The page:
2. Determining how to apply them to both synchronous and asynchronous virtual learning 
A table of text from the article outlining the three kagan strategies Hattie alignment and plans for synchronous and asynchronous virtual learning.
Click here for the PDF.

Rally Coach 

Synchronous Virtual Implementation: 

Students are partnered and placed in breakout rooms in WebEx, allowing students to screen share and/or use the whiteboard feature for the coaching component of the strategy. 

Hattie References: 

  • Student Learning Strategy – Peer Tutoring (Effect Size: 0.51)
  • Student Learning Strategy – Rehearsal and memorization (Effect Size: 0.73)
  • Student Learning Strategy – Help Seeking (Effect Size: 0.72)
  • Teaching Strategy – Feedback, reinforcement, and cues (Effect Size: 0.92)
  • Teaching Strategy – Feedback, from student (Effect Size: 0.53)

Asynchronous Virtual Implementation: 

Students are grouped using Canvas’ group and grouping features and specific coaching tasks are assigned to each group. The lesson could be expanded to include Jamboard, Voicethread, or the Canvas discussion tool.  

Hattie References: 

  • All strategies listed for synchronous Rally Coach implementation
  • Student Learning Strategy – Deliberate practice (Effect Size: 0.79)
  • Teaching Strategy – Feedback, Tasks, and Processes (Effect Size: 0.64)

Round Robin 

Synchronous Virtual Implementation: 

Students choose teams using Canvas’ group tool and can use WebEx, Jamboard, Voicethread, or Padlet for collaboration. Students can use text, audio, and/or video for their responses.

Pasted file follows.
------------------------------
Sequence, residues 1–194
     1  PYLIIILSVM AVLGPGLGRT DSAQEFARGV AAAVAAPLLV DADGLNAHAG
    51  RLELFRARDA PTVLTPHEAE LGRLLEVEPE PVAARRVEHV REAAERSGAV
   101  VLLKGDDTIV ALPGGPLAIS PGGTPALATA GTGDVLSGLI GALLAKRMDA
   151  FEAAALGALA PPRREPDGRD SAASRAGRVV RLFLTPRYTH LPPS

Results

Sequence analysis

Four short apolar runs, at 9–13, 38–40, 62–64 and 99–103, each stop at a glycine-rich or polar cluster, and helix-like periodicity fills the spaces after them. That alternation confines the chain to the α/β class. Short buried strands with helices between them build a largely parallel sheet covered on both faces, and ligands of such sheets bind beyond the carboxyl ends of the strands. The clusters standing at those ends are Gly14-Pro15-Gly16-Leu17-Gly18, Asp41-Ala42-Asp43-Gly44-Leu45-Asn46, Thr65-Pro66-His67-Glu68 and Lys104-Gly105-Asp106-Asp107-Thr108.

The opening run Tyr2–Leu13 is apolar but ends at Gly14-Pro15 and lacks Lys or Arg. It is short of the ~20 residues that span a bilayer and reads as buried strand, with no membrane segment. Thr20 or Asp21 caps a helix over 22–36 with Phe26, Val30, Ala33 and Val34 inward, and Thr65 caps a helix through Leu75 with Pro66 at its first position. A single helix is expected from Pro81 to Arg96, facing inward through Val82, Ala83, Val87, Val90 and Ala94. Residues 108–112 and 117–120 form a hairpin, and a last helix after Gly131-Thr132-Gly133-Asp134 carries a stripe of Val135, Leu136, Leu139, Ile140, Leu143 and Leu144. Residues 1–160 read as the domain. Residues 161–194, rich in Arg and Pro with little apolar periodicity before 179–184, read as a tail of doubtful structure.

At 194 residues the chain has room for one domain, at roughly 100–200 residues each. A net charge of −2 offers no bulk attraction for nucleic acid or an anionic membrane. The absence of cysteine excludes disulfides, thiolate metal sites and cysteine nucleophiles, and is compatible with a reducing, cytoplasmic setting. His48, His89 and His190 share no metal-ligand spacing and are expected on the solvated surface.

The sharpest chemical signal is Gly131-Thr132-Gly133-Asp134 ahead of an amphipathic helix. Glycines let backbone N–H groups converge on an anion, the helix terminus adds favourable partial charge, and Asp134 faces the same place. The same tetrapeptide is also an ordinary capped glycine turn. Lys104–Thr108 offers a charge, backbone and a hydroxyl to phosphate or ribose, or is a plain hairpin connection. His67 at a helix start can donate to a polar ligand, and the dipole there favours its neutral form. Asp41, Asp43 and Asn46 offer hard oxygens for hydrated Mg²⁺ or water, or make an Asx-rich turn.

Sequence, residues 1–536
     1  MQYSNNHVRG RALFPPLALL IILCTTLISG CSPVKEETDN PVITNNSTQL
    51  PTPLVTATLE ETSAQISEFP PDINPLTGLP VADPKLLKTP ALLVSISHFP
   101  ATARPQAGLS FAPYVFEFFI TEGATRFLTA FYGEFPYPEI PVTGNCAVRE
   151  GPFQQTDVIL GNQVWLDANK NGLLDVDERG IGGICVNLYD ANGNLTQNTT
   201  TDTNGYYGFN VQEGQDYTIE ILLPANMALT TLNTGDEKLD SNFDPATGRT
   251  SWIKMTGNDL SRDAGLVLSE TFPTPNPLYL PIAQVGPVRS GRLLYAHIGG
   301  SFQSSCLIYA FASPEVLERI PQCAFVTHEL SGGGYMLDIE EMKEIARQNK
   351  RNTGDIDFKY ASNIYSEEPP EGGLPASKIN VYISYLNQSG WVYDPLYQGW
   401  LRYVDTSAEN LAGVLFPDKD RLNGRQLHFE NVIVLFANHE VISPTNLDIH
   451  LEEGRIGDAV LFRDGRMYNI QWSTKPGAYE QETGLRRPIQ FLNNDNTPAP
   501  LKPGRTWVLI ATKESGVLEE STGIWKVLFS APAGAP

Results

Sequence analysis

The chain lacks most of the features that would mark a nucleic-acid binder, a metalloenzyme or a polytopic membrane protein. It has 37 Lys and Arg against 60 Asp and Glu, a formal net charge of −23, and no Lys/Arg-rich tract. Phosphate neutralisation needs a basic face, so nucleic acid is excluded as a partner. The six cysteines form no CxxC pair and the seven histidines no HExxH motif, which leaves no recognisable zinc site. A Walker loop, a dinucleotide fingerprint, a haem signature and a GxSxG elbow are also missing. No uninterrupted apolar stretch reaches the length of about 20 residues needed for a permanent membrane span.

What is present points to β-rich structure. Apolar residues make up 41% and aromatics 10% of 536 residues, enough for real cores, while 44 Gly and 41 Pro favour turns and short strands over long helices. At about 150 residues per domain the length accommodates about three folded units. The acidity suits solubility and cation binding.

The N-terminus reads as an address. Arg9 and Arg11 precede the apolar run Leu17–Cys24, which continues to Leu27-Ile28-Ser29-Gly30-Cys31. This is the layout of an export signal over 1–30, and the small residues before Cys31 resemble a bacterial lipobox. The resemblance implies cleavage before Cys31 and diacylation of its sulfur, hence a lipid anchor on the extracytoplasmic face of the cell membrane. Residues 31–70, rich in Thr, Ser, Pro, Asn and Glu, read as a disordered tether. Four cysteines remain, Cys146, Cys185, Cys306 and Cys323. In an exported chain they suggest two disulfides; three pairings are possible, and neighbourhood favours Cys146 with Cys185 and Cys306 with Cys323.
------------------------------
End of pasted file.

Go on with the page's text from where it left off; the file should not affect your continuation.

Hattie References:

  • Student Learning Strategy – Peer tutoring (Effect Size: 0.51)
  • Teaching Strategy – Collaborative learning (Effect Size: 0.39)
  • Teaching Strategy – Cooperative learning (Effect Size: 0.45)
  • Teaching Strategy – Feedback, from student (Effect Size: 0.53)
  • Teaching Strategy – Feedback, reinforcement, and cues (Effect Size: 0.92) 

Asynchronous Virtual Implementation: 

Using the Jigsaw method, the instructor can assign different tasks to the students for completion and group the responses in Canvas Discussions, Voicethread, or Jamboard. 

Hattie References:

  • All strategies listed for synchronous Round Robin implementation
  • Student Learning Strategy – Differentiation (Effect Size: 0.46)
  • Teaching Strategy – Jigsaw Method (Effect Size: 1.20)

Synchronous Virtual Implementation: 

The teacher creates two sets of student groups; then, tasks and roles are dispersed. Students provide feedback using WebEx, Jamboard, Voicethread, or Padlet. 

Hattie References:

  • Student Learning Strategy – Peer tutoring (Effect Size: 0.51)
  • Teaching Strategy – Feedback, from student (Effect Size: 0.53)
  • Teaching Strategy – Feedback, timing (Effect Size: 0.49)
  • Teaching Strategy – Peer Assessment (Effect Size: 0.44)

Asynchronous Virtual Implementation: 

The teacher assigns each student group an element of focus and then, using the Canvas Peer Review feature, students respond to each group’s submission. This can also be adapted to use Discussions, Voicethread, or Jamboard. 

Hattie References: 

  • All strategies listed for synchronous carousel feedback implementation
  • Teaching Strategy – Clear Goal Intentions (Effect Size: 0.51)

The overall effect of this process was positive and received well by our instructors. We saw, initially, anecdotal increases in student engagement because we were midway through the semester. Our current success data for the most recently completed term in 2023 is trending positively. Ultimately, this process of adapting classroom strategies for virtual learning is easily translated to any local education organization. I invite you to take and re-vision it, then share it. The more effective tools we skill our instructors with the better it is for all students!